• Two in ten (19%) say they’re likely (7% very/12% somewhat) to grow marijuana plants in their home, led by Albertans (31%) and Millennials (28%).

One of the key details of the legalization of marijuana is the distribution of it, and Canadians have clear opinions on which channels they support, and which they don’t. Canadians are most supportive of the idea of marijuana being sold at licensed marijuana specialty stores (73% support; 34% strongly/39% somewhat), while a majority also supports (62% -- 20% strongly/42% somewhat) its sale at stores owned and managed by the government. But only a minority supports marijuana being sold by any outlet currently licensed to sell alcohol (49% -- 16% strongly/34% somewhat), by any retail store such as a convenience store (24% -- 6% strongly/17% somewhat), or by anybody who wants to sell it (17% -- 5% strongly/12% somewhat).

These are some of the findings of an Ipsos poll conducted between April 10 and 11, 2017, on behalf of Global News. For this survey, a sample of 1,004 Canadians from Ipsos' online panel was interviewed online. Weighting was then employed to balance demographics to ensure that the sample's composition reflects that of the adult population according to Census data and to provide results intended to approximate the sample universe. The precision of Ipsos online polls is measured using a credibility interval. In this case, the poll is accurate to within +/ - 3.5 percentage points, 19 times out of 20, had all Canadian adults been polled. The credibility interval will be wider among subsets of the population. All sample surveys and polls may be subject to other sources of error, including, but not limited to coverage error, and measurement error.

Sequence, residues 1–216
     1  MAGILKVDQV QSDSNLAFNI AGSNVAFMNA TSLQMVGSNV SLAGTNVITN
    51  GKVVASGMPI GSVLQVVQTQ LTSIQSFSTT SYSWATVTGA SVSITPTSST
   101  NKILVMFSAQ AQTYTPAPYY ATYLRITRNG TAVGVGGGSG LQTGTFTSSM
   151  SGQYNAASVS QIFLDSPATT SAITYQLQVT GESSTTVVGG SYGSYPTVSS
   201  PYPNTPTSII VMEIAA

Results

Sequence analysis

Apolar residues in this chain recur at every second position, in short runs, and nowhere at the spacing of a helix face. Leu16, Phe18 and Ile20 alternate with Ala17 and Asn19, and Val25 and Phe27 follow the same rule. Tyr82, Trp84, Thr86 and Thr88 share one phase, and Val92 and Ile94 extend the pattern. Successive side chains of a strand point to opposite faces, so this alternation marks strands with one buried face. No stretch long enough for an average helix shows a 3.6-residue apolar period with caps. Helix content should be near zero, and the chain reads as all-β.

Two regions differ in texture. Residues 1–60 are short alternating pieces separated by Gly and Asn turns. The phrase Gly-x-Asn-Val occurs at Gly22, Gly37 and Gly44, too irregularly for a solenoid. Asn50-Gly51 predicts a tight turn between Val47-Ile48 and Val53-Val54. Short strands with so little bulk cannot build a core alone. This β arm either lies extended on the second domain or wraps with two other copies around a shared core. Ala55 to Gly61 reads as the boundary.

For more information on this news release, please contact:

Darrell Bricker, PhD
CEO, Global
Ipsos Public Affairs
+1 416 324-2001
darrell.bricker@ipsos.com

About Ipsos Public Affairs

Ipsos Public Affairs is a non-partisan, objective, survey-based research practice made up of seasoned professionals. We conduct strategic research initiatives for a diverse number of American and international organizations, based not only on public opinion research, but elite stakeholder, corporate, and media opinion research.

Ipsos has media partnerships with the most prestigious news organizations around the world. In Canada, the U.S., UK, and internationally, Ipsos Public Affairs is the media polling supplier to Reuters News, the world's leading source of intelligent information for businesses and professionals. Ipsos Public Affairs is a member of the Ipsos Group, a leading global survey-based market research company. We provide boutique-style customer service and work closely with our clients, while also undertaking global research.

About Ipsos

Ipsos is an independent market research company controlled and managed by research professionals. Founded in France in 1975, Ipsos has grown into a worldwide research group with a strong presence in all key markets. Ipsos ranks third in the global research industry.

With offices in 88 countries, Ipsos delivers insightful expertise across five research specializations: brand, advertising and media, customer loyalty, marketing, public affairs research, and survey management.

Ipsos researchers assess market potential and interpret market trends. They develop and build brands. They help clients build long-term relationships with their customers. They test advertising and study audience responses to various media and they measure public opinion around the globe.

Ipsos has been listed on the Paris Stock Exchange since 1999 and generated global revenues of €1,669.5 ($2,218.4 million) in 2014.


Majority (61%) of Canadians Support Legalization of Recreational Marijuana Use, But Only Half (49%) Support Ability to 
Grow Pot Plants at Home

Contact

Darrell Bricker
CEO, Global
Ipsos Public Affairs
+1.416.324.2001
darrell.bricker@ipsos.com